Unwanted supermarket stock finds a way to the people


Unwanted supermarket stock finds a way to the people 


A 20 year old Charlotte Danks from Newquays in Cornwall has opened a shop that sells unwanted supermarket stock. The shop is to assist cash-strapped shoppers who prefer not to visit foodbanks. Supermarkets offer their unwanted stock which may be reaching its sell-by date, has damaged packaging or incorrect labels. Ms Danks. The food she sells is “unfit” for supermarket market shelves and would otherwise end up in landfill.

Ensuring that no supermarket ever has to send anything to the landfill could help prevent food waste which has a huge carbon foot print. The big questions are: are supermarkets prepared to give away all that they send to the landfill? Will this not reduce their profitability? What about the stringent health and safety rules? Can Ms Danks model shop could be replicated in every community? So far, there has been great success in her shop and she plans to open two others in St. Austell and Penzance.

Beyond the Food Bank, a publication by Sustain  Reports that there a number of Londoners faced with food poverty as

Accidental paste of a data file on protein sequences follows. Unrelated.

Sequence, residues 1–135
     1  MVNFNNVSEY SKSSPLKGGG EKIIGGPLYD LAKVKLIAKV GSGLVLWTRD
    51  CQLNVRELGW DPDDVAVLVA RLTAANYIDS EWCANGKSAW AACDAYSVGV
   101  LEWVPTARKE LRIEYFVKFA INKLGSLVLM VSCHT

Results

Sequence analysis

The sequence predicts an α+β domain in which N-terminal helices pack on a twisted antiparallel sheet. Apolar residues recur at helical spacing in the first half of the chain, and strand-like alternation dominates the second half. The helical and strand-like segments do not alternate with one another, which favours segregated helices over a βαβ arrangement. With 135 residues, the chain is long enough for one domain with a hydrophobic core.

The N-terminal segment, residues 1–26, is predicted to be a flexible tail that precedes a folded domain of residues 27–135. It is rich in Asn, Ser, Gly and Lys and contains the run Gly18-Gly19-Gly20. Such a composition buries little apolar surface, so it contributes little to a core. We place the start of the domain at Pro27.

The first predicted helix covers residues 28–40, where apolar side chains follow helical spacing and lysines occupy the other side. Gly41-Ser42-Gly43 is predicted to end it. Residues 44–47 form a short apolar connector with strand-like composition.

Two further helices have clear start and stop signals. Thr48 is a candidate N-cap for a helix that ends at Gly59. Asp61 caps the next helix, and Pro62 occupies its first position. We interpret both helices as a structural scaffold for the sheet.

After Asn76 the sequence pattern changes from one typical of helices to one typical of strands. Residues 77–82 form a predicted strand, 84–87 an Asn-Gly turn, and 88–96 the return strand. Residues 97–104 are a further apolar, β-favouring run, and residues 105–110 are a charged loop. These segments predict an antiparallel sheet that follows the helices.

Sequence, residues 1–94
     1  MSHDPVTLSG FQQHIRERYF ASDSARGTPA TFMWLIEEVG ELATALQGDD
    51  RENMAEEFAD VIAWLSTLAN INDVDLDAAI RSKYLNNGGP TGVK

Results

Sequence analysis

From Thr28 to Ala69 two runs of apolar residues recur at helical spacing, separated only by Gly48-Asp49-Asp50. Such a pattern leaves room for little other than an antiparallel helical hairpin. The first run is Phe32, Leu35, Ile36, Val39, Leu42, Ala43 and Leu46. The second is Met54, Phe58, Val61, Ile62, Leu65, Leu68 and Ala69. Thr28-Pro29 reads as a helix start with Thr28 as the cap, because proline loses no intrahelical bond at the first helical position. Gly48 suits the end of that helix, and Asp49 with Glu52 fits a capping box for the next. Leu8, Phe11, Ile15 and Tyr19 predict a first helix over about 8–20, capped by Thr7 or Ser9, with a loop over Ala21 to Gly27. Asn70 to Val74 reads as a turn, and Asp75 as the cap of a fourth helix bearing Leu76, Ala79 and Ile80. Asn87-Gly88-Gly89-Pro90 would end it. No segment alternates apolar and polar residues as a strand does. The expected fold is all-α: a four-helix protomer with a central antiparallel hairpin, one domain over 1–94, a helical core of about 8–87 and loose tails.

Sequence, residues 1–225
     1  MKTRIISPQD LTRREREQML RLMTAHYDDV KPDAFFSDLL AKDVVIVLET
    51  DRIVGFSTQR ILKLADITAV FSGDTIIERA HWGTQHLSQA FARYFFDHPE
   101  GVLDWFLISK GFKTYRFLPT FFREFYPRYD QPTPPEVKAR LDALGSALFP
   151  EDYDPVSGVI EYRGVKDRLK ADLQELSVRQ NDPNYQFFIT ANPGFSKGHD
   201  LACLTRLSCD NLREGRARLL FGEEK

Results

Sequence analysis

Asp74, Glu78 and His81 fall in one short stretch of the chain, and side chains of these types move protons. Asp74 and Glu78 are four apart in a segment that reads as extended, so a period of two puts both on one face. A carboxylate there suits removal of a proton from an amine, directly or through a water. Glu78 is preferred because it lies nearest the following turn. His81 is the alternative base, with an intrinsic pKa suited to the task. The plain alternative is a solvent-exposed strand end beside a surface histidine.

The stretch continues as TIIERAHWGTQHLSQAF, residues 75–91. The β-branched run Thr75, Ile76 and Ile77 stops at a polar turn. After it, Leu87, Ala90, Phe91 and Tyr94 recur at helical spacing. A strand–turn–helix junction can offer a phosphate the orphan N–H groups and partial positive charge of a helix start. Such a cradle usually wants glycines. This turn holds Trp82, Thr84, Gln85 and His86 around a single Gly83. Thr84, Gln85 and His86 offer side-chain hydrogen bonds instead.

• Ten London boroughs no longer offer a meals on wheels service, which provides healthy meals for vulnerable and isolated older people at risk of malnutrition.
  • Some 1.5 million children nationally are currently disqualified from receiving because their parents receive tax credits to top up their low wage work. There are an estimated 220,000 London pupils living below the poverty line who are not enrolled in Free School Meals. That means 18%, or one in five London pupils, are at risk of hunger during the school day.
  • Over half a million children in London will struggle for food during school holidays.

In the light of these statistics, the replication of stores like Miss Danks’ across the country especially in London where the cost of living is high would be beneficial to many people. Some people are uncomfortable visiting food banks but shops like these would ensure that low income groups of people can obtain food at minimal prices.



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